By Werner Ruotsalainen on Tue, 09/18/2012
UPDATE (19-Sep-2012): as promised, I've thoroughly tested the brand new TV output support.
1.) with wired connections (that is, via the VGA or the HDMI connector – I didn't test the RGB / composite ones), TV out works with the following types of videos:
a.) ones that aren't supported by the iDevice's hardware decoder (they aren't H.264 videos) and, therefore, can be played only via software decoding,
b.) ones that are supported by the HW decoder AND they're ALSO in one of the iOS-friendly formats (MOV / MP4 / M4V)
c.) ones that can be hardware-decoded via behind-the-scenes decoding (because they're MKV or FLV files with H.264 content inside) but you explicitly disable this.
As you may have already noticed, the common in all these is that the playback in none of these bullets involves behind-the-scenes decoding – something needed for MKV (and/or FLV with this player and/or AVI with AVPlayer(HD)) playback on non-jailbroken devices.
However, upon trying to play back MKV files with HW decoding, only the first frame is shown (if at all) on the external screen and the playback is, therefore, useless. AVPlayer(HD) plays the same videos just fine using wired connections.
Note that the player seems to be using software decoding for Standard Definition videos; for example, the the well-known Suzumiya test video. With them, wired TV out works just fine (again, then, no behind-the-scenes decoding takes place), along with, of course, SSA subtitle rendering – something very hard to do with the hardware decoder. (By the way, in the original article, I haven't emphasized I really recommend this player to anime folks wanting to see animated SSA subtitles in their full glory and not being able / not wanting to use XBMC, the other iOS player with full SSA support.)
2, via AirPlay (wireless playback to either the Apple TV or an AirPlay server like AirServer), there are two cases.
a.) If you don't enable mirroring (on the mirroring-capable iPad 2+ or iPhone 4S+), the, for behind-the-scenes decoding, very common “An error occurred while loading this content” is displayed on the screen – just like with, among other players, AVPlayer(HD). Of course, natively iDevice-friendly videos (MOV / MP4 / M4V) are streamed O.K.
b.) If you do enable mirroring, the player switches to streaming frames directly. This somewhat reduces the frame-per-second but is still OK.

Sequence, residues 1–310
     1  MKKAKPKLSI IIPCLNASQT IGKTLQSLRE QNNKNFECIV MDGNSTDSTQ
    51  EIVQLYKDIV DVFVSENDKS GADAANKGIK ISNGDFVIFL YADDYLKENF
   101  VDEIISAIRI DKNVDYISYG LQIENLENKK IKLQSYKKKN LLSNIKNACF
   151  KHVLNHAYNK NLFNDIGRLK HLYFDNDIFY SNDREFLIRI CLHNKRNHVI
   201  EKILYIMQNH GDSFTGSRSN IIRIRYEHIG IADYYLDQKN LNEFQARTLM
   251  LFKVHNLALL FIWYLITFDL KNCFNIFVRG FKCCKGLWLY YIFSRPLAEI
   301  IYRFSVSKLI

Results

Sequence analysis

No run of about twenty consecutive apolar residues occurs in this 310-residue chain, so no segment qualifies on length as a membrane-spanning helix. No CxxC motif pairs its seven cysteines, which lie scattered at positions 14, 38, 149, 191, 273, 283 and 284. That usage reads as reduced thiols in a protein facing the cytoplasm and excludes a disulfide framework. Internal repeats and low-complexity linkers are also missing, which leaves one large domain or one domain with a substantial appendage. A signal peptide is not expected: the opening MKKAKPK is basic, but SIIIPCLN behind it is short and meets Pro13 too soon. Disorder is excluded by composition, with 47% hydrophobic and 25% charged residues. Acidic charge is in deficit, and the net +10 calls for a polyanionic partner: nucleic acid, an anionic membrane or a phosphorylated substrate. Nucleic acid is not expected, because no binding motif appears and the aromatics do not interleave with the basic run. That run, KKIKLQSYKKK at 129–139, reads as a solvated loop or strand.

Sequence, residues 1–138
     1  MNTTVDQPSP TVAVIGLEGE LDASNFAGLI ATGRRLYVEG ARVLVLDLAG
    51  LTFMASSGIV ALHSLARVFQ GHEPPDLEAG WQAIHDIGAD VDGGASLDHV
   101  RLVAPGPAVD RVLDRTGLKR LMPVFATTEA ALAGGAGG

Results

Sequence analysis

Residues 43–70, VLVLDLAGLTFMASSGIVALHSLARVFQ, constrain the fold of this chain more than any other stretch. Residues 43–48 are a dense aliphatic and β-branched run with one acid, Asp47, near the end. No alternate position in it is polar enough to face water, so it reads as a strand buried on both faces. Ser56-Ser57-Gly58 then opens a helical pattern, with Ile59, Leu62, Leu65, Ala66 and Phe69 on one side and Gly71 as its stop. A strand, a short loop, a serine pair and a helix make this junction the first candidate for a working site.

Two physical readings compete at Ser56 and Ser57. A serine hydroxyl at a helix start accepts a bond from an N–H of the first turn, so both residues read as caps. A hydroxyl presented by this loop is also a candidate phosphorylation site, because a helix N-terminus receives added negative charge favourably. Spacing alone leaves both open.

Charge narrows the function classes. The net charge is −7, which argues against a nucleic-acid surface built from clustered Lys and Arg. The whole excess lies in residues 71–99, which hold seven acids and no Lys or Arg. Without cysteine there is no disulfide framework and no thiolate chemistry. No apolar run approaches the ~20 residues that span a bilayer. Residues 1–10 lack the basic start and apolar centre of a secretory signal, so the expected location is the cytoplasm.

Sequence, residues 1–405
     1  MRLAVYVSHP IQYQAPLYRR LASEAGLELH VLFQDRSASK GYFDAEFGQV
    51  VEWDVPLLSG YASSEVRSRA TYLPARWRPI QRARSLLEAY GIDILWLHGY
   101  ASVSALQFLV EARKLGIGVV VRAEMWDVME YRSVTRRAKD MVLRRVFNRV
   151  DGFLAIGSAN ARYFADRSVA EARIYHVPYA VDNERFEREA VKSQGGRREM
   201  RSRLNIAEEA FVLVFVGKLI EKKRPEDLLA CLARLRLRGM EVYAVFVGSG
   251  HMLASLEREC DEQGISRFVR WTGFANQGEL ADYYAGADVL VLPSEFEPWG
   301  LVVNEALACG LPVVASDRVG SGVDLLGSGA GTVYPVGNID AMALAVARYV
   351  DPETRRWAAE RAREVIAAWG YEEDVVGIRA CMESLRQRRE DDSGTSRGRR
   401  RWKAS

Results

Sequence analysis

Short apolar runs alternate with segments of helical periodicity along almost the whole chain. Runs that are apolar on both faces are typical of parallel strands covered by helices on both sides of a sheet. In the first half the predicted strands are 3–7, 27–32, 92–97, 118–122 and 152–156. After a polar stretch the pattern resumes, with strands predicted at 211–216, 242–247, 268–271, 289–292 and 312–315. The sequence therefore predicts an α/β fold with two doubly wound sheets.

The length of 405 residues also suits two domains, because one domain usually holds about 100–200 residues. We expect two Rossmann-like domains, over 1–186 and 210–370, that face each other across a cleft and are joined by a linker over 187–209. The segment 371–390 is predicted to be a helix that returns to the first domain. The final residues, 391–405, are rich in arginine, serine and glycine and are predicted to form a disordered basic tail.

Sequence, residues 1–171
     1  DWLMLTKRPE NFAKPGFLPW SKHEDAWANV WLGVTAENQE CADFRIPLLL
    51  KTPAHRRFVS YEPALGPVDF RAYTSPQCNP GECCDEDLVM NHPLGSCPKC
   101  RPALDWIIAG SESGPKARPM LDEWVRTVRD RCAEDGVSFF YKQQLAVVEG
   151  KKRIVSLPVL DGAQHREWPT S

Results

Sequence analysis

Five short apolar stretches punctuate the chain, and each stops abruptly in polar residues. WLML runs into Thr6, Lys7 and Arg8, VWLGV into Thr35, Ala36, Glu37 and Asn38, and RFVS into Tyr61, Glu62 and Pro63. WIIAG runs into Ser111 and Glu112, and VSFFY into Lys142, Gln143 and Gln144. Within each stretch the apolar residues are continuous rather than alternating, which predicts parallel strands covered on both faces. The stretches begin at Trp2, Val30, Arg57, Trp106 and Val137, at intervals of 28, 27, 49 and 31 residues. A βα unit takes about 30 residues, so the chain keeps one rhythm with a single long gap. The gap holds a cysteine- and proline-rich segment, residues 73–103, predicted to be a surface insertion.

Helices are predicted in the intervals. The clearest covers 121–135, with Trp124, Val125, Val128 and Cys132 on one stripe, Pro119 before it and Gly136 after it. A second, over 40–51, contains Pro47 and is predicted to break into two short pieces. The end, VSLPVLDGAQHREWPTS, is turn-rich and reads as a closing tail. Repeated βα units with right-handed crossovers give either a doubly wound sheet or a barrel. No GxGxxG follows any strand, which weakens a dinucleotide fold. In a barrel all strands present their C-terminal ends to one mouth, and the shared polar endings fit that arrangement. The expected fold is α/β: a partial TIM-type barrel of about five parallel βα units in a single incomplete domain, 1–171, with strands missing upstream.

In this regard, AirPlay-based playback has exactly the same behaviour as AVPlayer(HD), but the latter, in addition to setting the resolution, can also zoom into the image - but can't make it fill the entire screen either.
All in all, there are some bugs in the player, external screen driving-wise; most importantly, the MKV / FLV hardware playback via wired connections (HDMI / VGA / etc.) Hope the developers fix it very soon - after all, the player has really great MKV hardware playback support.
Original article follows:
HD Player Pro (AppStore link), a, before this update, pretty mediocre video player, has received a really great update today. An AppStore Update screenshot:
The most important of the news is hardware acceleration for MKV and FLV files – something REALLY needed by video enthusiast. (After all, ripping one's Blu-ray (BD) discs is done to MKV's, being the most powerful container format and also the native output of the great BD ripper tool MakeMKV. See my past, MKV- and DVD/BD-ripping specific articles for more info on all this.)
Hardware acceleration is enabled by default (unlike, say, in AVPlayerHD, which, so far, has been the most recommended MKV player unless you need runtime DSP's like brightness / audio boost) but you can also disable it in Settings:
I've very thoroughly tested the MKV playback and found it excellent.
- no hiccups, stuttering visible with the MKV's I've tested it; in this regard, it's WAAAY superior to EC Player, RushPlayer and It's Playing – but not necessarily to AVPlayerHD and, when it's fed by a non-DTS file, BUZZ Player.
- DTS audio is supported, unlike in BUZZ Player, another very strong MKV player let down by the complete lack of DTS playback in hardware accelerated mode
Incompatible with MKV files containing the original BD subtitle streams (S_HDMV/PGS Blu-ray subtitles; see THIS for more info). An example of these files is HERE – it just crashes the player.
After removing these tracks, the MKV's do play – so will the MKV file above if you do the removal.
(A quick tutorial on track removal from MKV files:
MKVTools: “Edit Tracks” tab, select the subtracks, make sure “Remove Tracks” is selected; click Go:
(every important control annotated)
MkvToolnix: click “Add” to load the original MKV file; unselect the leading checkboxes of all S_HDMV/PGS subtracks; click “Start Muxing” at the bottom left:
Note that, in my tests (late 2009 17” MBP with a 2.8 GHz C2D, ML, 8GB RAM, reading from a ~90 Mbyte/s internal hard disk in the CD bay and writing to an, as my MBP doesn't support SATA3, "only" ~150 Mbyte/s-to-write Vertex 4 SSD) the two apps finished removing the tracks in exactly the same time: 4m:6s.)
Note that, for some reason, the hardware playback of this file (along with the full Iron Sky rip) just doesn't work with any of the players I've tested (HD Player Pro, AVPlayerHD, BUZZ Player). I don't know the reason for this as the file has a h.264 stream with a 22 Mbps (that is, not too high) video bitrate so it should be played back w/o problems by the iPad 2/3 hardware) – will report back as soon as I find it out.
I'll later report on the TV output, A2DP support and other, new features. Note that, for the time being, I haven't updated the chart of my forthcoming Multimedia bible with info on the new version either.